PIL filed against BCCI for using ‘India’ in its name

A division bench of Justices M Sathyanarayanan and P Rajamanickam have issued notice to the BCCI and other authorities regarding the same.

The petitioner has cited that the BCCI has no right to use the word 'India' in its name | Getty

A Public Interest Litigation (PIL) has been filed against the BCCI in Madras High Court for allegedly representing the country without any proper official approval from the government.

As per a report in PTI, a division bench of Justices M Sathyanarayanan and P Rajamanickam have issued notice to the BCCI and other authorities regarding the same. The division bench has posted February 7, 2019 as the next hearing date.

"The BCCI is registered as a society in Tamil Nadu under the Societies Registration Act and always denied its status of being a State under Article 12 of the Constitution," the petitioner, Geeta Rani, from Delhi said.

"It is worth noting that even at the time of registration, no recognition or affiliation was asked from the government to represent India by BCCI and presuming it to be sole authority to govern cricket, without any sanction, the BCCI started to act as (the) governing body of cricket as well as representative of India," she added.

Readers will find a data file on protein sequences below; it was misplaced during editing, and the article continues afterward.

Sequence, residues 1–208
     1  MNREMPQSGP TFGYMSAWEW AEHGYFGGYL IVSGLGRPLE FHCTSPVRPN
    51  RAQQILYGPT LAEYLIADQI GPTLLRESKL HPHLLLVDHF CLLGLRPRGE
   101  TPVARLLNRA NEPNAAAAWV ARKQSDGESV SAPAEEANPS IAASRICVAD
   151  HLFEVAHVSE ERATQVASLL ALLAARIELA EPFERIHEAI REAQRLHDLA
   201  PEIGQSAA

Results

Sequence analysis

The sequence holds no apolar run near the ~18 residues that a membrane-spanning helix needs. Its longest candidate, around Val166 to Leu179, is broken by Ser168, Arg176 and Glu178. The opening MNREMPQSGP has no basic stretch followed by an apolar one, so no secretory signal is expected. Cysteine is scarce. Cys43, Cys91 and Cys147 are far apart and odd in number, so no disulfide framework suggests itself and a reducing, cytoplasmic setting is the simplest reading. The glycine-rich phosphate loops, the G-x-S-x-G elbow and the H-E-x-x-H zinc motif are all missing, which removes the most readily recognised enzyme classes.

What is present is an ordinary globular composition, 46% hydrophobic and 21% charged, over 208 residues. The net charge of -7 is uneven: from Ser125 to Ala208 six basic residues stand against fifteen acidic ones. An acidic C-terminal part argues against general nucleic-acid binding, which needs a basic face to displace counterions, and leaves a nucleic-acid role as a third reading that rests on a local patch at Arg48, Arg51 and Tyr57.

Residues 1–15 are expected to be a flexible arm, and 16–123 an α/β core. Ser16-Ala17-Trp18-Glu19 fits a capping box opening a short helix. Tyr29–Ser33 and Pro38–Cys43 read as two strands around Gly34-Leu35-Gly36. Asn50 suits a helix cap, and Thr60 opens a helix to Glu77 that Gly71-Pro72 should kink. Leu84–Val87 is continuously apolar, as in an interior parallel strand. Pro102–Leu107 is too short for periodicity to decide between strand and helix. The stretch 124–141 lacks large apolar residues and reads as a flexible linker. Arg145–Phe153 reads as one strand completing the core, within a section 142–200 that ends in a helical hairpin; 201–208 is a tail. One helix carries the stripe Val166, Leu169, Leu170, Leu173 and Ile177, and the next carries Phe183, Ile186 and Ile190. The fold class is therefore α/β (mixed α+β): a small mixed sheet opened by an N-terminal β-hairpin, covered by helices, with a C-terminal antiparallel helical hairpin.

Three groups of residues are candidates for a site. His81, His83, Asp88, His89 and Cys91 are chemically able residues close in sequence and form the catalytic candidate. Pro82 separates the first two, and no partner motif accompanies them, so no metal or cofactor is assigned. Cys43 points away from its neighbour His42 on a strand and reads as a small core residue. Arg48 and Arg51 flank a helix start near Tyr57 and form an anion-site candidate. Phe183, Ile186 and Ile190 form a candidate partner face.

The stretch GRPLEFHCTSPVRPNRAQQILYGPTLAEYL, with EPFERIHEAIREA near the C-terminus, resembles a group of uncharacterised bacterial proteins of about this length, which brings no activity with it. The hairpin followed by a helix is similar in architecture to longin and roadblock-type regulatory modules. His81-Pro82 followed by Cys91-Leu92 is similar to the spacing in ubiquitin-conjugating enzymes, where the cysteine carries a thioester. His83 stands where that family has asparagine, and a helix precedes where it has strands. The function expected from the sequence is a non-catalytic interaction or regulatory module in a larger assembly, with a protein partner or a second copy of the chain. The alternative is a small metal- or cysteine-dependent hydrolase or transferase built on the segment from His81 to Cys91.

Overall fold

Apparently, the BCCI has no legal right to use the word 'India' in its name, nor does it have the right to represent a team called 'India', as the name implies patronage from the Indian government, the petitioner contended.

According to the petitioner, the BCCI has continuously refused to identify itself as a public authority and is also not officially recognised as a national sports federation. The petitioner claimed that the selection process carried out by BCCI was never transparent and has always been biased.

The petitioner also cited that like any other sport, cricket should also be governed by the union ministry of sports.

(With PTI inputs)


By Salman Anjum - 22 Dec, 2018

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